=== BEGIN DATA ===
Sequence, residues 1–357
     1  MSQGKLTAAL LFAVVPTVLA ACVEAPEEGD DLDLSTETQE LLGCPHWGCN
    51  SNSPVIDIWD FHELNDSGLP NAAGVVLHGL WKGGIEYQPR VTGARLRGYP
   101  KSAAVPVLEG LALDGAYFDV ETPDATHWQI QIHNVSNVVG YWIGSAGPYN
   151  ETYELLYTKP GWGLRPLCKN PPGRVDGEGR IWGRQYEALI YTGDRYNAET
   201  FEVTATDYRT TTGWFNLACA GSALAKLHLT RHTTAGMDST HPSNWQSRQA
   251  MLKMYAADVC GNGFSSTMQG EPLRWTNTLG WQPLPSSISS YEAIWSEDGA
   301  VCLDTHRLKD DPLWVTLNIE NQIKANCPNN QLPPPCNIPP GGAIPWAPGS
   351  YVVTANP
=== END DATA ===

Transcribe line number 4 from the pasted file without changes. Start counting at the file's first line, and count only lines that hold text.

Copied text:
   101  KSAAVPVLEG LALDGAYFDV ETPDATHWQI QIHNVSNVVG YWIGSAGPYN